The Australian Competition and Consumer Commission (ACCC) is warning businesses to ensure any claims made about products being “made in” other countries are accurate, or risk facing penalties of up to $1.1 million.
Food producers using country of origin labels, which state the product was made in a particular country, now have just over 12 months to ensure their products comply with the new Country of Origin Food Labelling Information Standard, which will come into effect in July 2018.
If businesses are found to be in breach of the new rules, they could face penalties under the misleading and deceptive conduct provisions of the Australian Consumer Law, which can be up to $1.1 million per contravention.
Under the updated law, food products sold in Australia will require labels that clearly show the percentage of the product made from Australian ingredients.
For a business to claim that a food product was “made in” Australia, the ACCC says any imported ingredients must “undergo a fundamental change in nature, identity or essential character”.
“Minor processing which only changes the form or appearance of imported goods will no longer be enough to justify a ‘Made in’ claim,” the ACCC said in a statement.
This law was implemented in July last year, with businesses now almost half way through a two-year transitional period during which both new and old laws apply. This means the ACCC has not yet taken any action against businesses for contravening the new rules.
Despite July 2018 being over 12 months away, ACCC deputy chair Michael Schaper told SmartCompany the Commission wants to give affected business owners fair warning.
“We’re putting business owners on notice because even though these changes have been made with a fair amount of lead-up time, we know it can take businesses a lot of time to adjust,” Schaper says.
“It can take an awfully long time for many producers to make changes in their labelling; it can’t be done with 30 seconds notice. Additionally, we want to make sure consumers are aware of the changes too.”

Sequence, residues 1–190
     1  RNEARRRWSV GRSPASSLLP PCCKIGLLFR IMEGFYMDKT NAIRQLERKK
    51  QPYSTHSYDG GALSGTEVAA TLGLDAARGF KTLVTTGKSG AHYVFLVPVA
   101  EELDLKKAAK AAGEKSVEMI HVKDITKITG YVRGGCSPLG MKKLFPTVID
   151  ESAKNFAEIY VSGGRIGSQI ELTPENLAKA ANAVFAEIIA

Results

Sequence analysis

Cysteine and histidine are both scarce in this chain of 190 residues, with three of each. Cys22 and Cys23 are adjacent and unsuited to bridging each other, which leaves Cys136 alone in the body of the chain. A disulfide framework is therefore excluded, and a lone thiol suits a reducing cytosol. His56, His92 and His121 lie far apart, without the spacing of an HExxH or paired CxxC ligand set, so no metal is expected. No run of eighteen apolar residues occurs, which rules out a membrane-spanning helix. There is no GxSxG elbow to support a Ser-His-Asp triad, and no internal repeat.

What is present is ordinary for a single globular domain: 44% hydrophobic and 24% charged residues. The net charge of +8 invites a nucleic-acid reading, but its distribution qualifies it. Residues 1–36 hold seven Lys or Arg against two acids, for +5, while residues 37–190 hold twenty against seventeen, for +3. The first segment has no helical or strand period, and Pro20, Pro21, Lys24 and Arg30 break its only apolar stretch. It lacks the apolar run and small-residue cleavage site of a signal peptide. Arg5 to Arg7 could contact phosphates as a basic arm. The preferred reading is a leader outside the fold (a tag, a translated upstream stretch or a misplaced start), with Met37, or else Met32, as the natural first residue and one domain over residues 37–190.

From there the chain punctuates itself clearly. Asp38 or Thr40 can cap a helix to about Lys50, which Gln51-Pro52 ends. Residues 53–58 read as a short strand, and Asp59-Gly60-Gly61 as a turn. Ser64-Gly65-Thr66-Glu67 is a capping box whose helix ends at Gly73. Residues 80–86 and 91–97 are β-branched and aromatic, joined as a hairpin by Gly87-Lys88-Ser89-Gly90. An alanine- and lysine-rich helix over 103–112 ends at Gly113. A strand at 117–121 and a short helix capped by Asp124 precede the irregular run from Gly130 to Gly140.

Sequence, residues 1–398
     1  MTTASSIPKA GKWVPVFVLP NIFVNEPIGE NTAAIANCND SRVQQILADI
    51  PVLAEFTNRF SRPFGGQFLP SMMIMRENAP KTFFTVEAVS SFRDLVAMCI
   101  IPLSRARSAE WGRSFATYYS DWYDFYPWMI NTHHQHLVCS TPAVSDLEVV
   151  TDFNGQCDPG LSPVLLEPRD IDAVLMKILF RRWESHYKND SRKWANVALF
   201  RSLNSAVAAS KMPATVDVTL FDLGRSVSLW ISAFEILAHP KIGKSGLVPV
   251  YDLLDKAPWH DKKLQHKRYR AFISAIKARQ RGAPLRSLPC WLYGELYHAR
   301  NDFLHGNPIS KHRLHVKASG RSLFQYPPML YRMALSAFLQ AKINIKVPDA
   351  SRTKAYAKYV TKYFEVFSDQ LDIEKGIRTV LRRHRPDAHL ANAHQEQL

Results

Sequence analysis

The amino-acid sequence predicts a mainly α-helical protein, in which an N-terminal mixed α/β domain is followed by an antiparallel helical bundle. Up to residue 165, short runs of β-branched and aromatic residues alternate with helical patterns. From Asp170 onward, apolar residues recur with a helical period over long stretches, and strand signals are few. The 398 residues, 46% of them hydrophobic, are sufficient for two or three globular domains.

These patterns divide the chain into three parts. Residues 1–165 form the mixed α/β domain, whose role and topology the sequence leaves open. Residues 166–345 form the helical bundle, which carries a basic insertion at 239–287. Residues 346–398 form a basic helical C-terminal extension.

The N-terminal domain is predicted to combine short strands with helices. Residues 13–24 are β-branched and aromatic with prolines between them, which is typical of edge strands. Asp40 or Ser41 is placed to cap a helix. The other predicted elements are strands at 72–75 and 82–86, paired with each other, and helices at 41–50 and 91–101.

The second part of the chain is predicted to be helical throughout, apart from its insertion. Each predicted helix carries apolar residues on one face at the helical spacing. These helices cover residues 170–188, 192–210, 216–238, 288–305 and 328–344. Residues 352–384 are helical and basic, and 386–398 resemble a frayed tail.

Clarity important for businesses and consumers
Schaper says the new laws are intended to complement the general misleading and deceptive conduct provisions of the Australian Consumer Law, which also cover advertising claims or representations made by companies when signing up new customers.
“Part of this came about as the government decided the old laws weren’t clear enough, and there was a fair bit of confusion from time to time,” he says.
Providing clarity for consumers is important for businesses says Schaper, especially given the popularity of buying Australian Made products.
“Australians have always been interested in where and how they can buy Australian products, so these new laws are trying to bring greater clarity around what is and isn’t Australian made,” Schaper says.
The ACCC advises businesses can rely on a number of safe harbour provisions, which will automatically protect them from misleading and deceptive conduct claims under the Australian Consumer Law.
Four situations are outlined by the ACCC as constituting safe harbour provisions, including where goods: were grown in a particular country; are the produce of a particular country; were made or manufactured in, or otherwise originated in, a particular country; or when goods carry a mark specified in an information standard relating to country of origin.
Greens Senator Janet Rice told the Senate in February the safe harbour laws are intended to simplify things for businesses.
“This legislation is putting in place a system so that if a business makes a country-of-origin claim for a product and it is alleged to be misleading, deceptive or false, that business has an automatic defence to the allegation if it can show that the product meets the safe harbour defence for that claim,” Rice said.
Businesses satisfying these criteria can safely make country of origin claims without raising any concerns.
“I’ve always believed it’s better for businesses to get started sooner rather than later, we’re just trying to encourage businesses to start now,” Schaper says.
“We’re not going to be knocking on doors tomorrow, it’s just a friendly prompt to the business community.”